Mid-way through 2015 we began review of the Community Meals program and whether the growing number of calls to the police, property damage and staff strain justified continuing the service at the cost of serving our shelter residents. We concluded that our mission, “To preach the Gospel of Jesus Christ and meet human needs in His name without discrimination”, was not being applied among our shelter residents appropriately while we continued Community Meals.
We had hoped to have serve meals further into the New Year, however, due to the rise in incidents such as mentioned above, we feel no choice but to completely end the program on Saturday, February 27.
We will continue to serve breakfast and dinner to our shelter residents, a number of about 60, seven days a week. We pray that you can continue to support our feeding efforts and respect the decision to close the Community Meals service. Within the week our Volunteer Coordinator, Joanna Brown, or a member of our staff, will call you to discuss this. We will also be working on a list of other organizations who offer feeding programs to the community and communicate that to you, should you wish to continue with this type of support.
Thank you again for your support and God bless,
Major Timothy Carter
Area Commander, The Salvation Army Central Virginia
The Amazing Raise is our region’s 36-hour online giving challenge that inspires and empowers our community to support Central Virginia nonprofit organizations in an amazing way, regardless of where you call home. It gets even better – when you give during The Amazing Raise, you can help your favorite nonprofits win additional incentive prizes ranging from $500 to $15,000!
Over the last five years through the Amazing Raise, The Salvation Army has raised close to $10,000 through donors locally and across the country to support services and solutions to families and individuals working to overcome hardships here in Central Virginia.
Please visit this page on Wednesday, September 16 beginning at 6AM to make a gift to The Salvation Army during the Amazing Raise.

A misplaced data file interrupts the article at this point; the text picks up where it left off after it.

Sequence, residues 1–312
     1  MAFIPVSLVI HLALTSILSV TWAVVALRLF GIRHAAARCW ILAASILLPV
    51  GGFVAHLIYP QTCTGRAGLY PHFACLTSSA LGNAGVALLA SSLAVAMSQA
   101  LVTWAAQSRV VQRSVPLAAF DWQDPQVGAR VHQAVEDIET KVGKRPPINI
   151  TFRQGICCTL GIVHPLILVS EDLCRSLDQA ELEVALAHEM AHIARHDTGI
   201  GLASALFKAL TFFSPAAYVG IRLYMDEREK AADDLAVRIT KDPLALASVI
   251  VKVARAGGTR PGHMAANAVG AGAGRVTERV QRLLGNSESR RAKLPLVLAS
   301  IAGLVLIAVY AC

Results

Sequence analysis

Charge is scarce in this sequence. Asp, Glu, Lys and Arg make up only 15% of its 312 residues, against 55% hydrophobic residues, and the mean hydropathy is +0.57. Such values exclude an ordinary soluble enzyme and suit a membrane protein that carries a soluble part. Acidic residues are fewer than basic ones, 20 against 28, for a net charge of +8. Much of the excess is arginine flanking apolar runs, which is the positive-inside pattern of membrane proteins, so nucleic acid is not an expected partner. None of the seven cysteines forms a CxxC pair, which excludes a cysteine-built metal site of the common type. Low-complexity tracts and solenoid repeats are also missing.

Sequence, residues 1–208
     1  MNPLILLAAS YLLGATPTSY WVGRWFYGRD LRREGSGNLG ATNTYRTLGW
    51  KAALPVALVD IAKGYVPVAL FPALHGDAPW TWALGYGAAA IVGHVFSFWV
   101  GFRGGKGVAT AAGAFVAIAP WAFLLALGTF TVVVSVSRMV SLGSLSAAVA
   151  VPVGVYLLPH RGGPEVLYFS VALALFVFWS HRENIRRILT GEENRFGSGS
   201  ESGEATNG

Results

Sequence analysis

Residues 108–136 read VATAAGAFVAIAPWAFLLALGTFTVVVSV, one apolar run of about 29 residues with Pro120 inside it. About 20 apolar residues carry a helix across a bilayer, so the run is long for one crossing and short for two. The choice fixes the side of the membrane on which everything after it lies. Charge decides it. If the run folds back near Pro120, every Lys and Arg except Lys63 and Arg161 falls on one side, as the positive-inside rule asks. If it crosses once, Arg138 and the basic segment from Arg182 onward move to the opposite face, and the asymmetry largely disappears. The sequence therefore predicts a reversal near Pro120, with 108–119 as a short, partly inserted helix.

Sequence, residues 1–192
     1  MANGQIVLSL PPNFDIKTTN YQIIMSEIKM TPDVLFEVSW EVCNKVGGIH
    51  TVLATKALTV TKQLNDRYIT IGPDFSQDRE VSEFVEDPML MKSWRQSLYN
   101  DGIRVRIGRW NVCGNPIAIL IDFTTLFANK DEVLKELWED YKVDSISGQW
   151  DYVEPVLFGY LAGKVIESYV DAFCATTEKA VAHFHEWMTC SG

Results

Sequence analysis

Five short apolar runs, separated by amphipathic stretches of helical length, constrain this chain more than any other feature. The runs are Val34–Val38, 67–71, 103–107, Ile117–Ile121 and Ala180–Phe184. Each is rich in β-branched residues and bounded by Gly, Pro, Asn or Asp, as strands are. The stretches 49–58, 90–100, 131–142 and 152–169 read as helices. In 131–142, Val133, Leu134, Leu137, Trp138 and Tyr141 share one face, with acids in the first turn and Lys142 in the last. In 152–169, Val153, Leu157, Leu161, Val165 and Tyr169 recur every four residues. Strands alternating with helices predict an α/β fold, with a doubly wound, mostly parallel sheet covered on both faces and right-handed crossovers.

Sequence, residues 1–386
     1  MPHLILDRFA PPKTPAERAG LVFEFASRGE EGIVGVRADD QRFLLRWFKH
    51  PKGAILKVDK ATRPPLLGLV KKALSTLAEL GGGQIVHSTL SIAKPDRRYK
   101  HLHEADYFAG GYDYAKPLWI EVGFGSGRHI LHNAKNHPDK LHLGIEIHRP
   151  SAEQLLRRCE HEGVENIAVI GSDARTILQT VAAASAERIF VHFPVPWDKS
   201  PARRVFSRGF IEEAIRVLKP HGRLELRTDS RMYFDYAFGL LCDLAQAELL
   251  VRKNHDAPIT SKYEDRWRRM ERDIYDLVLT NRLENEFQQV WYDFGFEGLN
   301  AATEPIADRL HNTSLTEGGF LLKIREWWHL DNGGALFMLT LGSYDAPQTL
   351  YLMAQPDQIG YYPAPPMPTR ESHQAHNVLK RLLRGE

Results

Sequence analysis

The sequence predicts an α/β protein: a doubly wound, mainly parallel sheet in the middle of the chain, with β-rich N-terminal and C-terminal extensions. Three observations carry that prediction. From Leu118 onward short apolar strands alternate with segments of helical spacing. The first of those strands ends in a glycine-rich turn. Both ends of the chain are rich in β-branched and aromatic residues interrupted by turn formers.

The Salvation Army Emergency Shelter in Petersburg is participating in the “100 Day Challenge”, a campaign to house homeless veterans, which began August 3, and will conclude on November 10, one day before Veteran’s Day.
Prior to the challenge, The Salvation Army Emergency Men’s Shelter (835 Commerce St., Petersburg, VA) was already serving a steady stream of homeless veterans. On a given night as many as 25% of shelter residents are veterans. In the shelter men receive meals, case management, referrals to other programs and fellowship.
“The ‘100 day Challenge’ puts the spotlight on one of the most vulnerable populations in the Tri-Cities, our homeless veterans,” said Jewel Farrar, Shelter Manager for The Salvation Army in Petersburg. “When men come through The Salvation Army shelter, we’re able offer them a stable environment and empowering employment and education preparation courses, business and life skills programs that help break the cycle of homelessness and prevent relapse. And this challenge is a great spark for collaboration with other agencies to serve the men who have served us.”
Since January 1, 2014, The Salvation Army Emergency Shelter has provided 450 men, 113 of them veterans, with resources connected to the shelter such as assistance with substance abuse, direct financial assistance, assistance with mental illness & treatment for stability, and collaboration with other local agencies assisting with employment and stable housing.